Testing a GIS platform is first and foremost data testing. One day you will need to check the data that is displayed on the map.
I will try to explain how the data gets on the map without going deep into technical details.
What do I mean by the data on the maps. Let’s take this demo of arcGIS online as an example.
You can see that the map has small areas painted in different colors. And when the demonstrator clicks on one of these areas, we see some data about this area. This is the data I’m talking about.
Any map contains a huge amount of data. In order avoid a heavy load of the user’s computer, this data is loaded gradually. To do this, the map is divided into rectangles. Only those rectangles that the user needs right now are downloaded to the user’s computer. These rectangles are called tiles. You can read more about tiles here and here.
Thus, the data for each tile is downloaded separately. For this, a special format is used in which this data is stored. This format is called mvt (mapbox vector tiles. Mainly, this data is intended for correct work within the map. Therefore, it is not expected that a person will want to read them. However, when doing testing, you often have to do things that the average person was not supposed to do. Accordingly, therein lies the problem. To be more specific, mvt tiles are downloaded as binary files. Its content looks like this:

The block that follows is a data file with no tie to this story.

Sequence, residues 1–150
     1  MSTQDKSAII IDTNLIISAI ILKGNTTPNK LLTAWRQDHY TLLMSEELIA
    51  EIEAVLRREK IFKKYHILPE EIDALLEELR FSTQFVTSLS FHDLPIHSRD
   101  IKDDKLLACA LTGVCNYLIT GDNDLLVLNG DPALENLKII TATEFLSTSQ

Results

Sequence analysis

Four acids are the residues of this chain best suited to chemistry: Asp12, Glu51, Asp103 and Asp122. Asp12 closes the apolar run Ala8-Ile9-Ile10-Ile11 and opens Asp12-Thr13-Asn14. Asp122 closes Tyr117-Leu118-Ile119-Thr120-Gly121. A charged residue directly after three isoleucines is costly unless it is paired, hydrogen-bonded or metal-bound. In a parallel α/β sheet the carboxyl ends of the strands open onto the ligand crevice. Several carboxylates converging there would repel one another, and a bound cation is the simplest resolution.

Decode mvt file
In order to access the contents of the mvt file we will use a python library called mapbox-vector-tile.
Let’s install this library first.
pip install mapbox-vector-tile
You can install this library for use anywhere on your computer, or you can add it only to your current project. To learn more about how to install libraries only inside a project, read my post Python virtual environment with venv.
Then, let’s write a few lines of code to accomplish our task. Let’s assume that you downloaded a tile in mvt file format and saved it to the following path: /home/user/tile1.mvt
import mapbox_vector_tile with open('/home/user/tile1.mvt', 'rb') as mvt: mvt_binary_data = mvt.read() tile_content = mapbox_vector_tile.decode(mvt_binary_data) print(tile_content)
Thus, we received the contents of the tile in a human-readable format. For easier data navigation, use any tool that works with json files. There are a lot of them now, both desktop and online.